Indigenous

Newspaper apologizes for cartoon depicting Indigenous people seeking payout from Pope

First Nations leaders in southern Ontario say the media has to do better at reconciliation after a newspaper ran an offensive cartoon that employed negative stereotypes of Indigenous people.

First Nations leaders say cartoon reinforces negative stereotypes

Hiawatha First Nation Chief Laurie Carr said that it's disturbing a cartoon like that was published in 2022. (CBC)

First Nations leaders in southern Ontario say the media has to do better at reconciliation after a newspaper ran an offensive cartoon depicting Indigenous people asking the Pope for financial compensation.

"You can't speak out of both sides of your mouth — to Indigenous people one way, and then what you print to the general Canadian population," said Laurie Carr, chief of Hiawatha First Nation.

Metroland Media's seven Simcoe County newspapers ran a cartoon last week that pictured the Pope saying "I'm sorry" to what appears to be an Indigenous woman and man, who respond "How $orry?"

Carr, who sits on one of Metroland Media's advisory councils in Peterborough, said "it's really disturbing" to see a cartoon published like that in 2022.

The cartoon ran in seven newspapers in Simcoe County in southern Ontario. (Travis Boissoneau/Twitter)

"When you have Metroland Media who has reached out to Indigenous people to sit on these advisory committees … to work together and to bring a better media and the truth to the general Canadian population … it's really disheartening," said Carr.

Metroland Media is a subsidiary of the Torstar Corporation, and has newspapers in the Simcoe County communities of Alliston, Barrie, Bradford and West Gwillimbury, Collingwood, Innisfil, Midland/Penetanguishene, Orillia and Stayner/Wasaga.

Editor's apology

When contacted for comment, Adam Martin-Robbins, Metroland's managing editor for the Simcoe County newspapers, directed CBC News to a column he wrote that was published on Simcoe.com on Monday.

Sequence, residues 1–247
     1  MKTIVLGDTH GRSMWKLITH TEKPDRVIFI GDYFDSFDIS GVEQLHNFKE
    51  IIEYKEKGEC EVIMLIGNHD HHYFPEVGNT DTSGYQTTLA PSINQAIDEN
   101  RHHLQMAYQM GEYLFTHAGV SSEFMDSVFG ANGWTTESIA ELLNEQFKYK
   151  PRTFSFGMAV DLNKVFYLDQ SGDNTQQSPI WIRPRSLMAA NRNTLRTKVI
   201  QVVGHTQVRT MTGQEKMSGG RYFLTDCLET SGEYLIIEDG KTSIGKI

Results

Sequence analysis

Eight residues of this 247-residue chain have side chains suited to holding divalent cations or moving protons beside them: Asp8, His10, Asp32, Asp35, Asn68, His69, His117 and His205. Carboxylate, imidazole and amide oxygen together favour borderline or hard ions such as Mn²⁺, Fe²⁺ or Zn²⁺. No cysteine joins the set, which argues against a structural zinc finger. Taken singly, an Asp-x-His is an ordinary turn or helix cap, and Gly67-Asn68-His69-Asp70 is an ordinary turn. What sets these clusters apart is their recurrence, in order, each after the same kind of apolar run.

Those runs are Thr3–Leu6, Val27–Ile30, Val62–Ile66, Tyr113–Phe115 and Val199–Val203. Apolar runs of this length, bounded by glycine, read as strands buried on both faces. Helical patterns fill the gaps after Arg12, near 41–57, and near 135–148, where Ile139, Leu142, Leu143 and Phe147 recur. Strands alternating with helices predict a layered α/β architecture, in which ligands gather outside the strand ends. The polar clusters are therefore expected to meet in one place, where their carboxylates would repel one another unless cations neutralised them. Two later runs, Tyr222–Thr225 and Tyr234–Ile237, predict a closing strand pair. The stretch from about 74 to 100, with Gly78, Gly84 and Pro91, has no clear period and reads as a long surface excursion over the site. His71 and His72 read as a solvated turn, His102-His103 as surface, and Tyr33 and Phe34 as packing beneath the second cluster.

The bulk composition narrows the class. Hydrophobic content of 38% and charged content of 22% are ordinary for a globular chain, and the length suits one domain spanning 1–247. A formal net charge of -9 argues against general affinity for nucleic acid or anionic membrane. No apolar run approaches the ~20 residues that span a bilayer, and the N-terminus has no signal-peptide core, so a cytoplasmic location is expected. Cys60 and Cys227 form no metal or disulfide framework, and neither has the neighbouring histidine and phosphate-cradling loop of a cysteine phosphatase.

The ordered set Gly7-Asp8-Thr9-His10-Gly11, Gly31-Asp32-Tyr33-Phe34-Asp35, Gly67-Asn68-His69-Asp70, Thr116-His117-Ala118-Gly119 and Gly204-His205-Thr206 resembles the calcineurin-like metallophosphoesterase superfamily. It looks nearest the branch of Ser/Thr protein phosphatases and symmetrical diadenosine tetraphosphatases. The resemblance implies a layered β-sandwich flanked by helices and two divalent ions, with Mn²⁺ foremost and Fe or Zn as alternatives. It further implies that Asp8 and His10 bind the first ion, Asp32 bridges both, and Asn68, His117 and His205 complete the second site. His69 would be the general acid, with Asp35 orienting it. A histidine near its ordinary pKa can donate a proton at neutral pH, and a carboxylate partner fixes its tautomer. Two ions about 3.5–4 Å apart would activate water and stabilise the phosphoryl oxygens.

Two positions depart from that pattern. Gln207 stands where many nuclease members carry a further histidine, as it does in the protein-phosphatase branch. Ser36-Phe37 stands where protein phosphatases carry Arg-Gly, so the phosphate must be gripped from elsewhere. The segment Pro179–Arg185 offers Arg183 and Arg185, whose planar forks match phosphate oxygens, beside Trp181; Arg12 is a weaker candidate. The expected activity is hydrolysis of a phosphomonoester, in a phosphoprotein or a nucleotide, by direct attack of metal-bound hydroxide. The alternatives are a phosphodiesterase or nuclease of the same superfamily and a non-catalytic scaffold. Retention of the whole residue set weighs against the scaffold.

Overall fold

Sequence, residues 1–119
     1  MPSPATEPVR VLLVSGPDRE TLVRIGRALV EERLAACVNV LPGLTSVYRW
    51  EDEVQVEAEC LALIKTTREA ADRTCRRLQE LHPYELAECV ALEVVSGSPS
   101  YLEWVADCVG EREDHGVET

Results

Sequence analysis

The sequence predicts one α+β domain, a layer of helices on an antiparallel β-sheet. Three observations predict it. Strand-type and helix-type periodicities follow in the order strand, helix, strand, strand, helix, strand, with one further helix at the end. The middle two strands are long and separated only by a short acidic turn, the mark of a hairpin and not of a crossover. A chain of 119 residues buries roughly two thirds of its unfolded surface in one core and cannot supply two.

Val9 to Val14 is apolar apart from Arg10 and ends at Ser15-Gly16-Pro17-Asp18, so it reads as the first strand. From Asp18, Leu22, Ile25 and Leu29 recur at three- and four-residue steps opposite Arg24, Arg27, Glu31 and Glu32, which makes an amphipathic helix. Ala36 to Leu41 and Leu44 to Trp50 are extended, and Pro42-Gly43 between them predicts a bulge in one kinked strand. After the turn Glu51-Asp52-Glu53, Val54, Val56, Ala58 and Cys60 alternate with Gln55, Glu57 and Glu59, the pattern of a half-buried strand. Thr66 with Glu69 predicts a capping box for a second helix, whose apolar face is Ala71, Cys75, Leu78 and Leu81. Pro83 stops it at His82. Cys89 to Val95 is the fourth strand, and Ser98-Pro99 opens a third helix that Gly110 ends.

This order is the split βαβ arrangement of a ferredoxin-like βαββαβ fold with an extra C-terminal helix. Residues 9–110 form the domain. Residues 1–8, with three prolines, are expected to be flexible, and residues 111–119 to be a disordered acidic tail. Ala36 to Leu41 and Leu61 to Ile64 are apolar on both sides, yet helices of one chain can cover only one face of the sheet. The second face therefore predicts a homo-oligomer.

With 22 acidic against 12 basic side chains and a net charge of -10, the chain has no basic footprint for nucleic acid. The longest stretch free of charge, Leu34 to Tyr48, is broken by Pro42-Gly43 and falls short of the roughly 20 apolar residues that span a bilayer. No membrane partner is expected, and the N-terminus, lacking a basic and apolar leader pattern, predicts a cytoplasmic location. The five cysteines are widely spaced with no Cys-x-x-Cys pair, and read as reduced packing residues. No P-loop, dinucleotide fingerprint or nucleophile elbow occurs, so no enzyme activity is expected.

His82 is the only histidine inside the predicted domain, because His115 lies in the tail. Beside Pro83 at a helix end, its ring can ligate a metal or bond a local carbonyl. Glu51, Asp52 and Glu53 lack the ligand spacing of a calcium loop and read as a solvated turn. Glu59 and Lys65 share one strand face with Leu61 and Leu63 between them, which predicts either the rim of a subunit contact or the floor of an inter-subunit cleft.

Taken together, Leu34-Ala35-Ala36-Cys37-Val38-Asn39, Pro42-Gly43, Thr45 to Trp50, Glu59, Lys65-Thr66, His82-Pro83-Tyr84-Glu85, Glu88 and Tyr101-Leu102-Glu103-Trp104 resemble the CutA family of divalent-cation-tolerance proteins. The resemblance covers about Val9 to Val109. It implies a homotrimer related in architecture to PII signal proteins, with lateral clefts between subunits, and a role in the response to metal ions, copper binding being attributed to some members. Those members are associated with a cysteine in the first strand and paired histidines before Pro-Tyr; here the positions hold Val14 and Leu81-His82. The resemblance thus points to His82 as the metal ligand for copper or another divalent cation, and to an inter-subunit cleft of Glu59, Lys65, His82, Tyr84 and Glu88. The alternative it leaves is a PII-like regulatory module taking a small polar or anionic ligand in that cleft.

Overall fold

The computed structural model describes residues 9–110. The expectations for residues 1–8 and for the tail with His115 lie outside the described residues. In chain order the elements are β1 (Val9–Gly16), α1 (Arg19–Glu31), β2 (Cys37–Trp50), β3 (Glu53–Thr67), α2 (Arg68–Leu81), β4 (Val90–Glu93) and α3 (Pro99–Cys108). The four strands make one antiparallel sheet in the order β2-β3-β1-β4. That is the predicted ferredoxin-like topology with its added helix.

"The cartoon we published on the editorial page in our seven local newspapers last week was offensive, and we apologize," Martin-Robbins wrote.

"We apologize, in particular, to our Indigenous readers including our Beausoleil First Nation and Rama First Nation neighbours as well as the Métis residing in Midland and surrounding communities. We recognize the generational trauma of the atrocities related to the residential school system." 

He wrote that the cartoon, which was drawn by Steve Nease, "was intended as a satirical look at how the Pope's long-awaited apology to Indigenous people falls short without the Roman Catholic Church also delivering on its promise of providing compensation to residential school survivors. But this wasn't the way to depict that opinion and we shouldn't have published it."

Nease wrote in an email to CBC News that he believes a papal apology is the first step toward righting the wrongs that residential school survivors faced from the Catholic church and that the Pope should "put his money where his mouth is, and compensate victims financially."

"I know that many have been offended by my cartoon, and I regret that deeply," Nease wrote.

"It was never my intention, or the intention of the newspaper that ran it, to cause such hurt."

Carr said she is thankful for an apology, but would have preferred it be just an apology, rather than explain the intention behind the cartoon.

News needs more historical context

Reg Niganobe, grand council chief of the Anishinabek Nation whose members include some First Nations in Simcoe County, said cartoons like that reinforce a stereotype that Indigenous people are only out for money when something bad happens.

"Money is the only compensation that can be offered to us at the very least, other than maybe jail time or prosecution for the offenders. But that doesn't address the issue of what happens to our people," said Niganobe.

Reg Niganobe, grand council chief of the Anishinabek Nation, says newspapers can help advance reconciliation by adding more historical context to their reports. (Michael Kaiser Photography)

Niganobe, whose father attended the Spanish Indian Residential School, said he accepts the editor's apology but would like to see media take actions moving forward like including more historical background when reporting on Indigenous issues.

"They leave out the historical context, right?" he said.

"They leave out all the information and all the facts that exist within them and it puts Indigenous people in a very poor light."

Martin-Robbins wrote in the column that the newspaper has reviewed its processes and added an extra layer of review and oversight for its editorial page content. He also wrote they are committed to ongoing training focused on anti-oppression, anti-racism and inclusion and diversity, among other things.

ABOUT THE AUTHOR

Lenard Monkman is Anishinaabe from Lake Manitoba First Nation, Treaty 2 territory. He has been an associate producer with CBC Indigenous since 2016. Follow him on Twitter: @Lenardmonkman1

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